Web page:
August Sees the Highest Number of Protests in Cuba since 11 July 2021

Demonstration in Nuevitas, a town in Camaguey province, on August 18. (Screen capture)

14ymedio bigger14ymedio, Madrid, 2 September 2022 — There were a total of 361 demonstrations in the country, according to the latest report by the Cuban Conflict Observatory (OCC), which was released on Thursday. This is the second highest number of protests recorded by the US-based organization, which began tracking them in September 2020.

The main reason Cubans took to the streets in August was to protest blackouts. The report notes that were as many as 79 protests of different kinds, 41 of which were cacerolazos.*

According to the OCC most protests fell into one of two categories: those for political and civil rights, and those for economic and social rights. It explains that it had to apply “selective criteria” when classifying cacerolazos, which began over a social grievance — a shutdown of the electrical power supply —  but broadened over the course of the month to include political demands.

There were 219 protests over political rights and 142 over economic rights.

The report states, “The number of cacerolazos increased 145%, from 20 in June to 49 this month.” Artemesia province saw the greatest number, with eight such protests, followed by Cienfuegos with seven, then Holguin and Camaguey with six each.

The most notable of these occurred in Nuevitas on August 18 and 19, when hundreds of people took to the streets to demand not only that electrical power be restored but also to call for freedom.

The report states that protests directly criticizing the government for mismanagement grew from 85 in July to 172 in August. Although it states that many of the protests demanded the Diaz-Canel government be replaced, they also demanded the socialist system be replaced.

It mentions an increase in violent actions by unknown perpetrators as described by anonymous reports on social media. These include arson attacks at state recreation centers and stones thrown at display window of state-owned hard-currency stores.

To deal with this, the organization claims the government “apparently wanted to try an active measure by claiming there had been a firebomb attack on a state building. The fabrication of disinformation on the alleged operation was extremely crude and national public opinion immediately dismissed the news as a police stunt.”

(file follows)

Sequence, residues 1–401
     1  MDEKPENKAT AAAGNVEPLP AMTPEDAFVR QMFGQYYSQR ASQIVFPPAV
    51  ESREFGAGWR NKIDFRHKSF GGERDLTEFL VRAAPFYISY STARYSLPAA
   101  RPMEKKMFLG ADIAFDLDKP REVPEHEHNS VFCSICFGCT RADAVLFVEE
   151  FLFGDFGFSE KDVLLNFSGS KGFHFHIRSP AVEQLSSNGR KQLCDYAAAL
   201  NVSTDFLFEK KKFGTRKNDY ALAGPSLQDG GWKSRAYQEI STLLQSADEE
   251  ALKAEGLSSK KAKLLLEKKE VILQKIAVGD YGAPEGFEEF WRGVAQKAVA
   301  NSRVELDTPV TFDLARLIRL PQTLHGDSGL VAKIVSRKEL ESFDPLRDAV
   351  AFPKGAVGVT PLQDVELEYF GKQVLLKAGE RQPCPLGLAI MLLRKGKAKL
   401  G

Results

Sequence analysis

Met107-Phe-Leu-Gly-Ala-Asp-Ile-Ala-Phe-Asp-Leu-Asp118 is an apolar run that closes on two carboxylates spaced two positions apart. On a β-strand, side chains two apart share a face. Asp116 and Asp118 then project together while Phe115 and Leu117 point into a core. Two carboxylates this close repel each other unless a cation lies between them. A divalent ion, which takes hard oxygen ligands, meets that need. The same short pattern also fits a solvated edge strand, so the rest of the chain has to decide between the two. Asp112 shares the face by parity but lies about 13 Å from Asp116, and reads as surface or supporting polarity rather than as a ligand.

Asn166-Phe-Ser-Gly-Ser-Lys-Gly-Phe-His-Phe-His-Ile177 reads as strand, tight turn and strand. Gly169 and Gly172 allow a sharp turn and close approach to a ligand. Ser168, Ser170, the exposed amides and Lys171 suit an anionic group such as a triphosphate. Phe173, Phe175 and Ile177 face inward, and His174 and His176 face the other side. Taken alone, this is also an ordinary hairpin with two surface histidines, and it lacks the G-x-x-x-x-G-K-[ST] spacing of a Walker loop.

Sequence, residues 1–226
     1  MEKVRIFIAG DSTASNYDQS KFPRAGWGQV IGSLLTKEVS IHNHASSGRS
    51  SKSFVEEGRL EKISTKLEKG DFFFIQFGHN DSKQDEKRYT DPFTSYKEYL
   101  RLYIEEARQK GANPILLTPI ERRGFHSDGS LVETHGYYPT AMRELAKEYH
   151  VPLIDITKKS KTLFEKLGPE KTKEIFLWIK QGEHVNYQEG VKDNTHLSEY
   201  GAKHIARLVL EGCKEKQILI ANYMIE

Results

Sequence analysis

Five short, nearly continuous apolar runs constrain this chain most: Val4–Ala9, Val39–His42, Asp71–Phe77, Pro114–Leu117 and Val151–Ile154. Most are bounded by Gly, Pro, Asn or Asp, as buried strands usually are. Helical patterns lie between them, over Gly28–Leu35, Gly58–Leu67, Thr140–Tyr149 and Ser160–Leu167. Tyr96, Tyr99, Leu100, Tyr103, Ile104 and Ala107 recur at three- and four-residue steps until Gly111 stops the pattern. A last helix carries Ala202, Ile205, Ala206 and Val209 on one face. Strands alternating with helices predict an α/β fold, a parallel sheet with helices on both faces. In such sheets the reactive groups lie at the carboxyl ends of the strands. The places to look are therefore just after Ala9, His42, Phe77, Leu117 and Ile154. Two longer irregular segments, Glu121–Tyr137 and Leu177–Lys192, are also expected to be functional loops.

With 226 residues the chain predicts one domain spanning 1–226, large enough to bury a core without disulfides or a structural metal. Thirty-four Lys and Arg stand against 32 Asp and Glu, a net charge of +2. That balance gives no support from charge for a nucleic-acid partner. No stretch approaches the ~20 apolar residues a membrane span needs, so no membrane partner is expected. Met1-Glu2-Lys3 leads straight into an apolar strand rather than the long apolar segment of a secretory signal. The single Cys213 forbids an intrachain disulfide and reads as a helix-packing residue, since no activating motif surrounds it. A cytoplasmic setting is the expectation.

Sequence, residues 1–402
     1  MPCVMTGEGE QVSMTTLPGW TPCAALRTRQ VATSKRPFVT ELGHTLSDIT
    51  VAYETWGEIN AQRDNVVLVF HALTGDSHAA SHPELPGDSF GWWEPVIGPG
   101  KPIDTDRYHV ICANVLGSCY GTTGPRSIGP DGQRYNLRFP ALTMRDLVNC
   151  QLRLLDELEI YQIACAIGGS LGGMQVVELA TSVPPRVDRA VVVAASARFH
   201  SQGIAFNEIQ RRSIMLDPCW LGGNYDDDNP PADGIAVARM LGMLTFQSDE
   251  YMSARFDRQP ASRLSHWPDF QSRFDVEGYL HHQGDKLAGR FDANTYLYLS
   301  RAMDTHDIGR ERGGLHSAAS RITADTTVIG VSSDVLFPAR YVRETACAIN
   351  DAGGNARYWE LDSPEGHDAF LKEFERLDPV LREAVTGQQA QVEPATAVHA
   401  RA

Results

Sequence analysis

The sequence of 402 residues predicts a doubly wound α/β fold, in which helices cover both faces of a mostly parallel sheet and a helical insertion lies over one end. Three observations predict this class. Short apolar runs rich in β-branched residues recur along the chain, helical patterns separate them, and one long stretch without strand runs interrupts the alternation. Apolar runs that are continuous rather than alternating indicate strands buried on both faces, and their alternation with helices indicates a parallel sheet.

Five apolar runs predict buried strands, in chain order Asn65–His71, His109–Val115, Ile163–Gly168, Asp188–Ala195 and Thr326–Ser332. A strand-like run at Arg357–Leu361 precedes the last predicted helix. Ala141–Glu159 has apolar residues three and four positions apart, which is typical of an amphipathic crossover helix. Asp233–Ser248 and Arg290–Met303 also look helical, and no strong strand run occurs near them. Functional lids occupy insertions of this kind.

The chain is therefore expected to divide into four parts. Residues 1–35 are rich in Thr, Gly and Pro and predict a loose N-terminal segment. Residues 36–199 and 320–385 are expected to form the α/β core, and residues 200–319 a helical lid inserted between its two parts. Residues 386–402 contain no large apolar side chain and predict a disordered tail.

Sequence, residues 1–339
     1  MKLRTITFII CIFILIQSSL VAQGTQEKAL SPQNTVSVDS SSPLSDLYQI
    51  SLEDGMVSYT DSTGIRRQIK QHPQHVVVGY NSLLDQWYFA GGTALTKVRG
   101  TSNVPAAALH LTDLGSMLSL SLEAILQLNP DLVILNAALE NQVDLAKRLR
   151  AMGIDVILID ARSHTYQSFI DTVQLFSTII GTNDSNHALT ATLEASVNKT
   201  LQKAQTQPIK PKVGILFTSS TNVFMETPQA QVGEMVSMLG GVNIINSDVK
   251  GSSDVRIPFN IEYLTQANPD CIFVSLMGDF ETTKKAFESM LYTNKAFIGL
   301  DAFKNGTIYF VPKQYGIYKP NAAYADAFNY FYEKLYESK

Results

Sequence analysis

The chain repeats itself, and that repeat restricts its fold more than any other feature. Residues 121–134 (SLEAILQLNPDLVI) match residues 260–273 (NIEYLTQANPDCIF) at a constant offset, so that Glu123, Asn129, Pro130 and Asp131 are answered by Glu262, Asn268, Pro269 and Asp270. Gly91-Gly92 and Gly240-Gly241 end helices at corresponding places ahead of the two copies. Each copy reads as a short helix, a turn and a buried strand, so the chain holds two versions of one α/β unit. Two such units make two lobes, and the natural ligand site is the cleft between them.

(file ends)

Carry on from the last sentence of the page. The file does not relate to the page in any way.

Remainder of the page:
The OCC says the number of demonstrations having to do with economic rights may also have been growing. These involve not only those related to power blackouts but also to “the collapse of the healthcare system in response to the growing dengue epidemic, shortages of food and medicine, inflation and garbage collection.”

In this monthly report, the OCC states, “Cuban protests now take a wide variety of forms: collective prayers in public places, graffiti, civic campaigns with flyers and posters, provocative religious services, and hackings of official websites and the computers of hotels associated with the military-business group GAESA

The OCC report also highlights the Matanzas Supertanker Base. Referring to it as a “disaster,” it decries “the lack of foresight on the part of the leadership and the inefficiency of the system of governance to provide internal stability, which exacerbates the crisis of legitimacy and the credibility of the government.”

The OCC argues, “Though expressions of discontent or dissent with respect to current policies are widespread, what is undeniable is that never since 1959 have they been of such size, permeating the most diverse layers of society with the exception of a tiny oligarchy, which benefits from them.” It concludes, “If the intransigence of the powerful elites persists,” this trend will be unsustainable “in the short or medium term.”

*Translator’s note: A form of popular protest which consists of a people making noise by banging pots, pans, and other cooking utensils to call attention to their grievance.


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